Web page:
Coping with the Cost of Oral Cancer
- “Home Alone” actor Ken Hudson Campbell, 61, is battling oral cancer after a tumor was discovered in his mouth. He’s undergoing lengthy surgery for treatment, but his family is worried about the hefty price tag of care.
- For help navigating treatment costs, patients can consider speaking with a financial counselor, patient navigator, or social worker at the hospital. They can also explore possible treatments through clinical trials.
- Though not all oral cancer is caused by the human papillomavirus (HPV), the most common sexually transmitted infection in the United States, there is a link.
- The vast majority of humans in the United States, both men and women, will eventually get infected with HPV, according to Dr. Allen Ho, a head and neck surgeon at Cedars-Sinai. The HPV vaccine is recommended to protect against these cancers.
“Home Alone” actor Ken Hudson Campbell, 61, is on the verge of a 10-hour long surgery to treat oral cancer after a tumor emerged on the bottom of his mouth, impacting his teeth. Campbell portrayed Santa Claus in the popular 1990 film. Still, he and his family are now looking for their own Christmas miracle through a successful procedure and financial help to cover its costs.
“You may know Ken from his roles as Santa in Home Alone, the guy Bill Murray kisses in “Groundhog’s Day” or in “Armageddon” where his character loses his life saving the world from a giant asteroid,” the GoFundMe page says.Read More
Michaela adds that Campbell lost his health insurance. Amid using a feeding tube, skin grafts, and a tracheotomy, his family is expecting a hefty medical bill once all is said and done. The GoFundMe was created to help the actor cover some of the costs.
Helping You Find Financial Resources for During Treatment
- ‘Strong in Cancer’: How To Combat Financial Anxiety, Plus Tips For Making Difficult Treatment Decisions
- Guide to Financial Planning After a Cancer Diagnosis: Planning Is So Important For Peace of Mind
- A Quick Guide to Getting Help Paying The Cancer Bills– Now That Treatment Is Expected to Rise 30% In A Decade
Help with the Cost of Cancer Treatment
Campbell’s family has raised $54,000 of their $100,000 goal as of the time of this writing. “Cancer treatment is incredibly expensive,” Laurie Ostacher, a Behavioral Health Clinician at Stanford Health Care, previously told SurvivorNet.
“How much coverage you have depends on your purchased insurance plan. Sometimes, when folks are younger, they might purchase a plan with a high deductible, assuming they won’t get ill. So, really, it’s helping them think about and kind of try and plan for the expenses that will be coming up. Your cancer center will often have a financial counselor to help you with that, who can sit down and go through the costs.”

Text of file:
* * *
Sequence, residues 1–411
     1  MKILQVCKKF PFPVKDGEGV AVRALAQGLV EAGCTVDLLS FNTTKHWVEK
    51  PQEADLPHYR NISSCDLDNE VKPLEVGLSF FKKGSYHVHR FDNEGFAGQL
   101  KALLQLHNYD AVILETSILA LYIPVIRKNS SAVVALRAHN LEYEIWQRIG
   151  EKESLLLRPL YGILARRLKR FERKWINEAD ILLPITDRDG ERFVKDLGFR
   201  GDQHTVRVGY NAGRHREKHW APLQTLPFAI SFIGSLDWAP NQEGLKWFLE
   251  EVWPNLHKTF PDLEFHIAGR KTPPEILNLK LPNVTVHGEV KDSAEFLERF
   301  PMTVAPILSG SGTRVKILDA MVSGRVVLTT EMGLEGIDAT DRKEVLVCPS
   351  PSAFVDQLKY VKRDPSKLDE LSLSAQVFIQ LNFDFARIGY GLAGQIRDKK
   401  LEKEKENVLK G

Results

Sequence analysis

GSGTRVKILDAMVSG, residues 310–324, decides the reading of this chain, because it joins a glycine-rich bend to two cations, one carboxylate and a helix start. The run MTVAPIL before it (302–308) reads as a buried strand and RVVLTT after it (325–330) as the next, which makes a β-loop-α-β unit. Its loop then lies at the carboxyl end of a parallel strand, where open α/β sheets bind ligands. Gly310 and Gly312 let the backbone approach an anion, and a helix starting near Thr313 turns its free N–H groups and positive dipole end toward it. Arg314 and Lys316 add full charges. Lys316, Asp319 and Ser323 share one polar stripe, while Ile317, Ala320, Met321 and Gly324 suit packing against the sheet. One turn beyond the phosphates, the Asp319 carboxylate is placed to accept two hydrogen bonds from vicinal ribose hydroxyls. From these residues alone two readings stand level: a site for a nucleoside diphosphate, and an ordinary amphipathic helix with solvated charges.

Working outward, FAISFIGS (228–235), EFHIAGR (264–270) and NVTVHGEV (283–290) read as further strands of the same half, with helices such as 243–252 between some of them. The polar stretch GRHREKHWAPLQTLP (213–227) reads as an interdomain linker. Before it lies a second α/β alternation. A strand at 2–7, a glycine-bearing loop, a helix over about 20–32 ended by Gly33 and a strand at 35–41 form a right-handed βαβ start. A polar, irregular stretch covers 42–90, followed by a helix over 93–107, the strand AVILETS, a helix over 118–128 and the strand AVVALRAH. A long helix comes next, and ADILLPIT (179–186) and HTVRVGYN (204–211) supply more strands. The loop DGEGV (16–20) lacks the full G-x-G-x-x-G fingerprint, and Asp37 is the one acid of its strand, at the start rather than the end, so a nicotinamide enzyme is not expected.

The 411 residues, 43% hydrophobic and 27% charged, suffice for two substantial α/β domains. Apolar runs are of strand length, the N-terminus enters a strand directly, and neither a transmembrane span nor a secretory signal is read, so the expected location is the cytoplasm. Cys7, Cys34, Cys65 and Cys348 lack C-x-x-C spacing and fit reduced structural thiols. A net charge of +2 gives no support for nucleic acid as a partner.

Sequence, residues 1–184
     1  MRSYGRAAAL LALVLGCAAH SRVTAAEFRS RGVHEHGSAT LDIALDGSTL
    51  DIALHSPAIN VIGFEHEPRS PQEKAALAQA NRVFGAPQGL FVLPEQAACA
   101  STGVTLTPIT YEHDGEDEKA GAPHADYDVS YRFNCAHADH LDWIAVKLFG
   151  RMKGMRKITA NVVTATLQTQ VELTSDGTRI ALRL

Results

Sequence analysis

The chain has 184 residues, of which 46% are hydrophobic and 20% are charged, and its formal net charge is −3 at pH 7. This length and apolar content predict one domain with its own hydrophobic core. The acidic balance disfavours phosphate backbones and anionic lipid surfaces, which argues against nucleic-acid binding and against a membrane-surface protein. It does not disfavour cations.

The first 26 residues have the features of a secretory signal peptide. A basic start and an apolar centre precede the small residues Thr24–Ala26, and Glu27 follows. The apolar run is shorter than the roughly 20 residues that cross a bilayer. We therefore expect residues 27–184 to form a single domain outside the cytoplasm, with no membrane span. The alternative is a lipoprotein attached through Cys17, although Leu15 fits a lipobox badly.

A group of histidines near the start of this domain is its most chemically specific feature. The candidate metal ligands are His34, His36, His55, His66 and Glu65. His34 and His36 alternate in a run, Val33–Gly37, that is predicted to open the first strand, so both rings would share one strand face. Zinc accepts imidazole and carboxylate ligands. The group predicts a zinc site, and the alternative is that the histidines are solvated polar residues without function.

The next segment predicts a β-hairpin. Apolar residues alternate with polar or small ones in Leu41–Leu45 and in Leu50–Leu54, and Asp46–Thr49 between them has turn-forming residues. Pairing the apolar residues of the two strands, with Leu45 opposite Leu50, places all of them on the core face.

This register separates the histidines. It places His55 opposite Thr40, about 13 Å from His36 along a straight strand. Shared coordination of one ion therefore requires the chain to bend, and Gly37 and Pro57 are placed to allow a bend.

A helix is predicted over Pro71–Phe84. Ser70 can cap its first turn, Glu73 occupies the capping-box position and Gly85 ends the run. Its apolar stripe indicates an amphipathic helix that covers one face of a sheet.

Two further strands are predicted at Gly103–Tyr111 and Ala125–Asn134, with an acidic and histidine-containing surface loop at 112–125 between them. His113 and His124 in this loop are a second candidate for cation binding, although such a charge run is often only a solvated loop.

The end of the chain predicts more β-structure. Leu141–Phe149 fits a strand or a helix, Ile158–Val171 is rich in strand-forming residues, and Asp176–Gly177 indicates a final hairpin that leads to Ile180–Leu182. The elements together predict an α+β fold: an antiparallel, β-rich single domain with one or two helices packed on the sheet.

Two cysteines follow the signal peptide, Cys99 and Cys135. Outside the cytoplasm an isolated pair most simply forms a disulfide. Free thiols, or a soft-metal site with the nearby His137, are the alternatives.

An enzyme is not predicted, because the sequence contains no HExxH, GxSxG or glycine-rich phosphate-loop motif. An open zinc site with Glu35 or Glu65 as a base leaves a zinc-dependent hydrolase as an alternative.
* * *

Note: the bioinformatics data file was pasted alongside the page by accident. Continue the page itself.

WATCH: See how a social worker can help with cancer costs.
Financial toxicity is a term that has been coined to describe the problematic financial impact cancer treatment brings.
The consequences of cancer costs can extend beyond patients’ wallets. Some people feel they must cut their pills in half to extend their medications or not refill their medications for several weeks because they can’t afford it.
To begin your journey for financial assistance, start by talking to your doctor. Your cancer center can help address any concerns about the cost of your cancer drugs.
Ostacher also recommends exploring disability programs.
“Most people are working when they’re diagnosed, and finances are a significant issue for them. So, for those who want to take some time off and can take time off, I will talk to them about the disability programs that exist,” she said.
“There’s the state disability program. Every state has a disability program. They vary from state to state. And then there’s also the federal disability program. So, I’ll help folks kind of sit down, look at their income, estimate how much money they will get, they will collect from disability, how to go about the application process,” Ostacher continued.
Other options may include taking part in paid clinical trials.
Coping with Oral Cancer
“From the 1980s to the 2010s, the rate of HPV-related head and neck cancers has gone up by 300 percent,” Dr. Ted Teknos, a head and neck cancer specialist and president and scientific director of University Hospitals Seidman Cancer Center in Cleveland, Ohio, told SurvivorNet during a previous interview.
Though not all oral cancer is caused by the human papillomavirus (HPV), the most common sexually transmitted infection in the United States, there is a link.
WATCH: Understanding the Human papillomavirus.
The vast majority of humans in the United States, both men and women, will eventually get infected with HPV, according to Dr. Allen Ho, a head and neck surgeon at Cedars-Sinai.
“The important thing to know about HPV is that there are many different strains, and only a couple of them tend to be more cancer-inducing,” Dr. Ho previously told SurvivorNet during an interview. “Probably less than 1 percent of the population who get infected happen to have the cancer-causing virus that somehow their immune system fails to clear, and over 15 to 20 years it develops from a viral infection into a tumor and cancer.”
While surgery is often required to remove the cancerous cells, other treatments include chemotherapy, radiation, and targeted drug therapies. If the cancer is advanced, some of these treatments can affect a patient’s ability to eat or speak, though it’s possible to regain those functions through rehabilitation therapy.
Questions to Ask Your Doctor
If you are worried about cancer treatment costs, here are some questions you can ask your doctor to kickstart your way to solutions.
- What will my treatment cost?
- Will my medical insurance cover my treatment?
- How long do you expect my cancer treatment to last?
- What options do I have if I can’t afford my medication?
- Can you recommend a financial counselor or navigator to talk with?